Questionable Tourism Statistics

Submitted by Looking Glass
Tourism value-added for the January-Septemberperiod is estimated to have declined by 3.7 percent,following a contraction of 1.2 percent in thecomparable period last year - Central Bank Economic Review

Tourism value-added for the January-September period is estimated to have declined by 3.7 percent,
following a contraction of 1.2 percent in the comparable period last year – Central Bank Economic Review

As was noted in Published Statistics Tell A False Story (Jan 2012) we continue to delight in creating among other things false, fictitious statistics. In so doing we mislead the public and the government who should know better. Covered in gold they lead to fallacious diagnosis, analysis and lead to fallacious remedies. One wonders why those responsible for Tourism have not found it necessary to tell people the truth.

According to Loveridge in 2008-2011 we averaged 546,533 long stay visitor arrivals each year. In the previous 4 years (2004-2007) the average was 558,632 for a decline 50,000 (BFP 25/11/2-12). We have never accommodated 546,533 long stay visitors in a single year before, not even in the glory days of Tourism. If that was indeed the case then why would 30 or more hotels/guest houses have closed in the last 15 or so years?

The CEO of the BTA tells us “over 700,000 have visited Barbados between January and July this year, with a record thus far of 58,720 flying into the country last month.” (Advocate 8/11/2 011). This at the height of the world recession, high unemployment and household indebtedness in our largest markets. Not even Jamaica, the Bahamas or Mexico could make this claim. Are all the above figures a misprint on the part of the newspaper? If so why wasn’t it corrected?

Now the GAIA Inc tells us that “approximately 145,000 flight and cruise passengers from 250 charter flights expected for the 2012 winter (Advocate Nov 25, 2012). Exactly how many cruise lines come to Barbados and how many tourist ships arrive in the winter? We have never before been visited by 250 charter flights in a single winter season or in a single year. Cruise line passengers hang around only for a single day.

Does anyone do research or do we merely write what we believe and or are told? Consider the following: the recession is not yet over and you are the most expensive tourist country in the region. The state of household and personal indebtedness, job loss and increasing living cost in North America which is our biggest market and the UK significantly reduced whatever comparative we may have had. St Vincent is building a new airport to accommodate large aircraft, Delta going direct to Grenada, Air Jamaica to Guyana and Caribbean Airline operating out of Toronto, New York and the UK. And the airlines servicing Barbados are expensive. So expect even the amount of intransits to decline.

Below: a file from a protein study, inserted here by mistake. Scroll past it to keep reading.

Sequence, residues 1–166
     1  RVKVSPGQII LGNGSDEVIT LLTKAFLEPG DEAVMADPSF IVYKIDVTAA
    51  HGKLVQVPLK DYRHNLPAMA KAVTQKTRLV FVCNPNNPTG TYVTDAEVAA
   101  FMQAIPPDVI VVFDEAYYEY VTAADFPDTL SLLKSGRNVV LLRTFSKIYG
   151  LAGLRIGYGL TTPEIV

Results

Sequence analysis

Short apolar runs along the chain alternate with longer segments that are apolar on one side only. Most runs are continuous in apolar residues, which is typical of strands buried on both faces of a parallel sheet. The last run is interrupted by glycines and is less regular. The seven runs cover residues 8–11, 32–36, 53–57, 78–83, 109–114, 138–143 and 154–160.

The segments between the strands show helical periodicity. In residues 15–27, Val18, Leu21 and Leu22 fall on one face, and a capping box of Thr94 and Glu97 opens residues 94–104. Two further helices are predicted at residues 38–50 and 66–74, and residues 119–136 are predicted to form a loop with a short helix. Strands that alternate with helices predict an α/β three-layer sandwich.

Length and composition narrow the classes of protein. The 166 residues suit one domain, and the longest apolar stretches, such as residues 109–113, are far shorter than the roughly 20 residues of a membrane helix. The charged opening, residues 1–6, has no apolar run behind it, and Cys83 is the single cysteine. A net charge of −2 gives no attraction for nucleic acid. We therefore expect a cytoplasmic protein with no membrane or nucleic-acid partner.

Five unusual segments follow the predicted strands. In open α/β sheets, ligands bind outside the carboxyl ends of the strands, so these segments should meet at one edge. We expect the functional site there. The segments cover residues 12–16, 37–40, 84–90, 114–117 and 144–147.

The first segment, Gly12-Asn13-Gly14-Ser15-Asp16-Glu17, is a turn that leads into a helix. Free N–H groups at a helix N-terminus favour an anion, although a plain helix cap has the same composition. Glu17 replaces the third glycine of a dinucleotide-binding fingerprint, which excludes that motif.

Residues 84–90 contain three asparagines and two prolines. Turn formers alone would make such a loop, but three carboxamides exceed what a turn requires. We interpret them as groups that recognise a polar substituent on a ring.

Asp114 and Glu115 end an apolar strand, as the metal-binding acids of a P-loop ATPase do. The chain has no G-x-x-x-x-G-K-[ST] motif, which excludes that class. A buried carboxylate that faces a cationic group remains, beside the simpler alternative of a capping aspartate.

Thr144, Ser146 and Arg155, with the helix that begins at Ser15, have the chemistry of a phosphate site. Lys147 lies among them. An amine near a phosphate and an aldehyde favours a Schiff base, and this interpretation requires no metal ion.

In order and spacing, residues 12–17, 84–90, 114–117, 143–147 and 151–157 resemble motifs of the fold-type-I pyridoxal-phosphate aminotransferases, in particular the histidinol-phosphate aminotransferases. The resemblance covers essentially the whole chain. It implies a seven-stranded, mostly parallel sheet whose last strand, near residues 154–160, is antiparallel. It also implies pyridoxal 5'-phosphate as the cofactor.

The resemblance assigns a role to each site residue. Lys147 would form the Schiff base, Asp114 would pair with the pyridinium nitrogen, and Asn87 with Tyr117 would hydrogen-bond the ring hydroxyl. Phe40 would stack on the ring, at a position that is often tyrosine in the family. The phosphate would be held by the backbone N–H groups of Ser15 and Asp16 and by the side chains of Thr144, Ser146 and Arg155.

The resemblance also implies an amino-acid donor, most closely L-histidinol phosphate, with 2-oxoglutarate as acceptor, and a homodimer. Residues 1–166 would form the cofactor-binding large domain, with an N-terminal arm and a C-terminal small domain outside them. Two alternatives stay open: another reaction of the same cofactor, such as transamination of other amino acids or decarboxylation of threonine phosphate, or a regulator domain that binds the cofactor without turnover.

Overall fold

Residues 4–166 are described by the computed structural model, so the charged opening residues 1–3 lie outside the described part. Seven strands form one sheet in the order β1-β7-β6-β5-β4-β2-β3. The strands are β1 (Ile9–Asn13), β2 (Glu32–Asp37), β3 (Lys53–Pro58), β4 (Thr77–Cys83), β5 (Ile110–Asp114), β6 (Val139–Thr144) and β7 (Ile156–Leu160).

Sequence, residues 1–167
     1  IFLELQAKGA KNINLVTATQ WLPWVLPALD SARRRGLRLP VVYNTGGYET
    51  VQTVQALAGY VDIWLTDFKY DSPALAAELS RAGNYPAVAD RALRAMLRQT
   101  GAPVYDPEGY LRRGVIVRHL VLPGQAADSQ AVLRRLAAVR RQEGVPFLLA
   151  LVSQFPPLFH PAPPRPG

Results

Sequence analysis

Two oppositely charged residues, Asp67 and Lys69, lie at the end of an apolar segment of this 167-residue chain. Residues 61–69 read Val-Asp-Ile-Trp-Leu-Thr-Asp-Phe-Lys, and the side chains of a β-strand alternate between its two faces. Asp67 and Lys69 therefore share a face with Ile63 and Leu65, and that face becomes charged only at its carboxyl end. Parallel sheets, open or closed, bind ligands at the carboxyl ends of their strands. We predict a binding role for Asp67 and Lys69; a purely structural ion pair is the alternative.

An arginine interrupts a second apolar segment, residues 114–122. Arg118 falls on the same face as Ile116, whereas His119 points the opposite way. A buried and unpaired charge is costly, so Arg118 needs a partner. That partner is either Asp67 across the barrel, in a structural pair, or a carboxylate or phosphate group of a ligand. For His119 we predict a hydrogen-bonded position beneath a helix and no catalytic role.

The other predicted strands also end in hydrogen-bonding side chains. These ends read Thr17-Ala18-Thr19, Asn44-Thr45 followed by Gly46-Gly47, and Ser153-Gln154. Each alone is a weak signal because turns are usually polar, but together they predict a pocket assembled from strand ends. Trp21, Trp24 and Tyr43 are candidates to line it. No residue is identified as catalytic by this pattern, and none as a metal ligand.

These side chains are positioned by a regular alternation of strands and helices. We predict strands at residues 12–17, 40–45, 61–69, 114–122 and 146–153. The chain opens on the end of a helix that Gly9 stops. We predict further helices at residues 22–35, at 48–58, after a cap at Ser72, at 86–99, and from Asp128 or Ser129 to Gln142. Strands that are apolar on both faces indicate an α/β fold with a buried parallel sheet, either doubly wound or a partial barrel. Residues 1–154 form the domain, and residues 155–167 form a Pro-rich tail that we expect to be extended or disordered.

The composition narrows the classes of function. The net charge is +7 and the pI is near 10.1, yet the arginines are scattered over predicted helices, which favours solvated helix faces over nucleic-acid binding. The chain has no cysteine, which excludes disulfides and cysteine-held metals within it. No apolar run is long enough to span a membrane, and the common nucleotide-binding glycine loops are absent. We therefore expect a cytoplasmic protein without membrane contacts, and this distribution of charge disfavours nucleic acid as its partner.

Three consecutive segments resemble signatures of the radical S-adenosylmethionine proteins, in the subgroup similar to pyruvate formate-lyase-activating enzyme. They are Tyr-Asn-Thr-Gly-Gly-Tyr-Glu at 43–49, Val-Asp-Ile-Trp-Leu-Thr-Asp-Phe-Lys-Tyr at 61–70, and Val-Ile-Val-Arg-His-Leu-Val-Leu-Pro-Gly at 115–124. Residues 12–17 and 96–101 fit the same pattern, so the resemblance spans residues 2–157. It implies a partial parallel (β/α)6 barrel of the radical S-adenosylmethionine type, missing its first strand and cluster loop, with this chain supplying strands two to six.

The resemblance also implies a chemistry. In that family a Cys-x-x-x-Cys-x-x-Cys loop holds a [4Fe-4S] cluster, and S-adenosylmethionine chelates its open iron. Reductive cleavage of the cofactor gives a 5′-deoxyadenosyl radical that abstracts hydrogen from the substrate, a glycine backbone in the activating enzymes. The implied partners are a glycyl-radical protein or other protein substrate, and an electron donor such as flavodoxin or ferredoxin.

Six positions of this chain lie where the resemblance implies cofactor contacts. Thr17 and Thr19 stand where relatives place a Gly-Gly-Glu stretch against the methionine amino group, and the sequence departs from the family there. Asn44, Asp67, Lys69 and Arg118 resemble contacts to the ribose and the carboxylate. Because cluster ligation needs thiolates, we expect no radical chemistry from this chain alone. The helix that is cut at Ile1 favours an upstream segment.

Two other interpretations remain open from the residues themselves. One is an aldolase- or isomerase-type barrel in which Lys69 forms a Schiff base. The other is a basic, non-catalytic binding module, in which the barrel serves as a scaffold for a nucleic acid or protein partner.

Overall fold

And BA we are told is “projecting 72,000 visitors arriving here every week” (Nation Nov 10, 2012). According to the Minister BA will increase flights from 7 to 10 per week, and Virgin will provide 9 flights per week from Gatwick and 2 from Manchester (Advocate Nov 22, 2012). As per BBC World News report of December 3, 2012, BA is about to reduce flights and lay off staff. He also gives the assurance that “creative initiatives are being implemented to ensure sustainability of the sector.” They include sports, cultural and culinary tourism (Advocate 12/10/2012). Regarding sports athletics is a bad word there, and a yearly regional and or international cricket tournament is out of the question. Given that we are the most expensive destination in the region how many visitors will cricket and or any other sport attract? Re culture read Tourism In Perspective (Feb, 2010); also Tourism Another Look (Dec, 2009).

Tourism biggest problem lies in Marketing. The North American travel media and newspapers are filled with advertisements and articles about the region’s tourist countries but hardly anything about Barbados. The advertised hotel prices like the airline costs are cheaper. There is a case to be made for a Barbados airlift that is not dependant on seasonal carriers or the whims and fancy of vertically integrated travel conglomerates. If we are serious about moving ahead with tourism consider providing our own low cost airlift to service North America and the UK. You have not the wherewithal to do it alone. So to this end I strongly suggest again you suggest consult with VIRGIN AIR in the UK.

0 thoughts on “Questionable Tourism Statistics


  1. I can only think that the BTA CEO was including cruise ship passsengers in that quoted ‘700,000’ numbers. The actual Long Stay Visitor arrival figure for Jan-July 2012 was 334, 662 which is somewhat short of 700,000. The busiest month during that period was March with 54,164 long stay visitors.
    I am not sure where the BA (British Airways) figure comes from.
    The type of B777 that BA uses on the Gatwick/Barbados route has a seating capacity of 226. Ten flights a week, then the very maximum number of persons would be 2,260 and this assumes that every flight is full, not a double drop or that none of the passengers were connecting to other flights, ie: Dominica, SVG etc.

    We really need to have a very careful look on how these numbers are arrived at.
    I am afraid that I do not take much notice of cruise ship numbers , because they are based on manifest numbers and NOT landed passengers.


  2. The BSS has just posted NOVEMBER Long Stay Visitor arrival numbers on its website (P):

    USA- DOWN 14 per cent
    Canada- DOWN 11.3 per cent
    UK – DOWN 18.7 per cent
    Trinidad and Tobago – DOWN 28.9 per cent
    Other CariCom – DOWN 25.4 per cent
    Other Countries – DOWN 28.5 per cent

    Germany – UP 16 per cent (153 more)
    Other Europe – DOWN 8.5 per cent

    All markets overall – DOWN 17.3 per cent

    When compared with November 2011

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